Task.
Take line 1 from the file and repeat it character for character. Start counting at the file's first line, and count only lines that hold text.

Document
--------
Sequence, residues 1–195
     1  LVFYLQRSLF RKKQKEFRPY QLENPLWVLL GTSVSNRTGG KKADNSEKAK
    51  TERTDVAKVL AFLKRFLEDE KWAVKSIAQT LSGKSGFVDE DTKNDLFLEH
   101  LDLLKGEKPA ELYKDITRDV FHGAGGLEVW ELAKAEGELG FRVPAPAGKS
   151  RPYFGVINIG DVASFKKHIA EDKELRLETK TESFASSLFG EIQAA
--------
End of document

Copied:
Sequence, residues 1–195